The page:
The streaky-brown plumage of this attractive lark can be a tricky ID challenge, but there are a number of points to look for if you’re lucky enough to get a close view. Let’s take a closer look at Kiersten’s latest images of another of our local, year-long resident species…
The Woodlark Lullula arborea is a bird of open woodland, occurring in stands of pine trees, mixed or broadleaved forest and bushy heathland. The views we have for you today are typical – the bird spends much of its time on or near the ground, foraging for insects and small seeds in short grass and clearings. Widespread over much of Europe, northern and eastern populations tend to be migratory and often spend the colder months of the year around the Mediterranean and in north Africa.
The Woodlark has red-brown cheeks, and tan and black stripes on its cap. Note also the dark streaks on its whitish chest, and the uniformly pale belly. There are more black streaks on its warm, buff-brown back and a distinctive black and white patch on the outer edge of the wing…not really visible in the shots we have here, but a great help when it comes to identification.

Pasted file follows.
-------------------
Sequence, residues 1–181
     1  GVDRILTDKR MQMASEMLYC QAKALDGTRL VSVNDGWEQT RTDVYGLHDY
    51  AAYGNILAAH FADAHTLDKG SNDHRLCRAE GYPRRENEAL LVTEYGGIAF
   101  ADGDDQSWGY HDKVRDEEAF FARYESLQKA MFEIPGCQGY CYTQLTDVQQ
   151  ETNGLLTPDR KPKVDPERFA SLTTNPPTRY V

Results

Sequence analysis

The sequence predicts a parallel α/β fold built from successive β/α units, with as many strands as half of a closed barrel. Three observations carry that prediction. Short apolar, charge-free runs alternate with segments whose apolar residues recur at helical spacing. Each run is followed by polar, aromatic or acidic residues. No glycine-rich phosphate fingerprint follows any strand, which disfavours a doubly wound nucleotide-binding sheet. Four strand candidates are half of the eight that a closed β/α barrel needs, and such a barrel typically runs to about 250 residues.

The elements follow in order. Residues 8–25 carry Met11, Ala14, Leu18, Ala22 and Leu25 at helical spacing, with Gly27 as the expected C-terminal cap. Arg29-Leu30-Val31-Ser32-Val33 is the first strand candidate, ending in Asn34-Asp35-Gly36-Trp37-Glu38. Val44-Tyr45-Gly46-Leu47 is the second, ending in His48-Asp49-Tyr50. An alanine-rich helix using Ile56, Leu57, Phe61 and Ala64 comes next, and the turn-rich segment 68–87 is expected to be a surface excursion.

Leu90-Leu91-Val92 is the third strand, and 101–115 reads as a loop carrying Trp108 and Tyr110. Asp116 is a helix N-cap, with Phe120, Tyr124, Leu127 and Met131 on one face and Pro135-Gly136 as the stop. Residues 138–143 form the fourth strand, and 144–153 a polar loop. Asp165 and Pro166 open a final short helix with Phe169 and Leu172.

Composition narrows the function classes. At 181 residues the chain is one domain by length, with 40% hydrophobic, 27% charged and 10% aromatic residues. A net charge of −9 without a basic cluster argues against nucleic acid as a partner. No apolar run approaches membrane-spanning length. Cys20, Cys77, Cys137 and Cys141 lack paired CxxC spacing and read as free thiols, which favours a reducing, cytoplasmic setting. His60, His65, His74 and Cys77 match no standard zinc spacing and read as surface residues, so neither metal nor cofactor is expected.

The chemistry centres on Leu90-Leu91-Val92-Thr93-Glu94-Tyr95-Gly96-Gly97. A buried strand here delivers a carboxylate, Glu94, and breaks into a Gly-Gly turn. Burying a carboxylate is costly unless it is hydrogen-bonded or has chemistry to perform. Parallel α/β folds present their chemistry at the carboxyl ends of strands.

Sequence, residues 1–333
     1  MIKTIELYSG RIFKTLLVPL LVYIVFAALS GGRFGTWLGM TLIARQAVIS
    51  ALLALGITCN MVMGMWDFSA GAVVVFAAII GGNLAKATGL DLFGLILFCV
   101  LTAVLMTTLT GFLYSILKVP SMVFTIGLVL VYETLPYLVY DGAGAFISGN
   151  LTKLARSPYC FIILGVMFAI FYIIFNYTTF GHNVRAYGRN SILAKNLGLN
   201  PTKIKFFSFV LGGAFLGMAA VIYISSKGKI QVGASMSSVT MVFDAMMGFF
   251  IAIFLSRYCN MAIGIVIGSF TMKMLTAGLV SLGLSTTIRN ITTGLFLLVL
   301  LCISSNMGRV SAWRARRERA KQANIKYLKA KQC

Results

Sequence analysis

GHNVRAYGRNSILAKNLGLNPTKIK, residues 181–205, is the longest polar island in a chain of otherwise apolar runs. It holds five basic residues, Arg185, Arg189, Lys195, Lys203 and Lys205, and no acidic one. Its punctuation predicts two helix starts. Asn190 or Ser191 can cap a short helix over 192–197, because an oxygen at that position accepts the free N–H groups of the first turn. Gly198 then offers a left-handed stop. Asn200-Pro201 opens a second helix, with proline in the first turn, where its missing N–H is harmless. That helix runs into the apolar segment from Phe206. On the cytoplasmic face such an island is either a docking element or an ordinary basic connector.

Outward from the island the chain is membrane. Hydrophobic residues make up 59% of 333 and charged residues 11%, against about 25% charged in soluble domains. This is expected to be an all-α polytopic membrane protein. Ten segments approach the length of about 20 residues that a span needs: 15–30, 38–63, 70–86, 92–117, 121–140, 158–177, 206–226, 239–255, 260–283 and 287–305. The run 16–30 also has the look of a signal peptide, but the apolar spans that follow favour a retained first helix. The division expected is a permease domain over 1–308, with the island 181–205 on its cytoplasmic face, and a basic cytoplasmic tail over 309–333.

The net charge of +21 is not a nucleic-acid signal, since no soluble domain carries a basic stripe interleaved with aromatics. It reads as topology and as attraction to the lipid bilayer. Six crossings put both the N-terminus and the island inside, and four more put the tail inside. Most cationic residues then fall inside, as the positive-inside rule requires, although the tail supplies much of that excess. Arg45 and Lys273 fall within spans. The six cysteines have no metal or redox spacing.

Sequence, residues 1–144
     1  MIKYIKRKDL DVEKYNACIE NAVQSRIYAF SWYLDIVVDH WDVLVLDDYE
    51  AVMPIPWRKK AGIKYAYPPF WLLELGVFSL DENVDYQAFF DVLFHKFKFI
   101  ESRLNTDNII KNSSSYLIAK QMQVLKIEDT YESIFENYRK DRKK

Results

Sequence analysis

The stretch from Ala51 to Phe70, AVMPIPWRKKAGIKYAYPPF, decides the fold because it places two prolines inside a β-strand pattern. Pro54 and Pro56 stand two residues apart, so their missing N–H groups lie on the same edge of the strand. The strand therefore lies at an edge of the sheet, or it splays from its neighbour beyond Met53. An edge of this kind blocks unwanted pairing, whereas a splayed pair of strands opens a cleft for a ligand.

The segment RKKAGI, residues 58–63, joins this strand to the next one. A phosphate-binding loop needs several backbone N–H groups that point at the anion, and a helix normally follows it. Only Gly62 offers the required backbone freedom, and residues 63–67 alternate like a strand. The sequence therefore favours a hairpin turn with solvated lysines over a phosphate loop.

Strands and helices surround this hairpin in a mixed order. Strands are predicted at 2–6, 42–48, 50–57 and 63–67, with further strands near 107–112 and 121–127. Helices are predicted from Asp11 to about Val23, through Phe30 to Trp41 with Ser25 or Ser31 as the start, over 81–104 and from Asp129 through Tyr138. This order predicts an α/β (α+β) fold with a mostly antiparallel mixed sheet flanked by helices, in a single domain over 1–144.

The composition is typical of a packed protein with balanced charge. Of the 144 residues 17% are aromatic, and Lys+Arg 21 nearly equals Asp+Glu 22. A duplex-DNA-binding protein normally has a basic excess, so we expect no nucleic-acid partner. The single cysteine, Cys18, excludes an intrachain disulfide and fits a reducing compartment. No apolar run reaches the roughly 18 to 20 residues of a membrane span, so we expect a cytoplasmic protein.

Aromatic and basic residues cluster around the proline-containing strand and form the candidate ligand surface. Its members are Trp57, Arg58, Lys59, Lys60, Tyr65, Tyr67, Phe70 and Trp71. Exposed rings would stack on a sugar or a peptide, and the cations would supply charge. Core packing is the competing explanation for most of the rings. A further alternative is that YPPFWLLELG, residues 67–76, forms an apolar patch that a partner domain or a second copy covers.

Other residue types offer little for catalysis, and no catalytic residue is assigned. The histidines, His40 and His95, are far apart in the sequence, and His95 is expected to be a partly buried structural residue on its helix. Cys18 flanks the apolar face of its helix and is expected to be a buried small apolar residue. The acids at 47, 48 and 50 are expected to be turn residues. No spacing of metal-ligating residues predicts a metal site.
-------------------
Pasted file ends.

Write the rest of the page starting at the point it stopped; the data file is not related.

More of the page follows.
While Thekla and Crested Larks have very obvious, pointed crests many other species in the family also have shorter, stubby crests. Another useful detail to look for, and even in silhouette the partially raised feathers – nicely illustrated below – can help narrow down the list of possibilities in the field.
A number of woodland species also have quite distinct stripes or “supercilia” over the eye but in the Woodlark they join characteristically on the back of the neck. While a view of the back of a bird is not always a huge help Kiersten captured this key point of detail perfectly in the last of today’s images, neatly putting its ID beyond any doubt.
With a quite limited distribution mainly in the south of the UK, the Woodlark is always a nice tick for British birders and it’s great to have this pretty little species on the month-list again. We run regular birdwatching trips and holidays down here in southern Spain and if you’d like to join us you’ll find all the information you need right here. For all our latest birding news and trip reports, please keep reading our posts!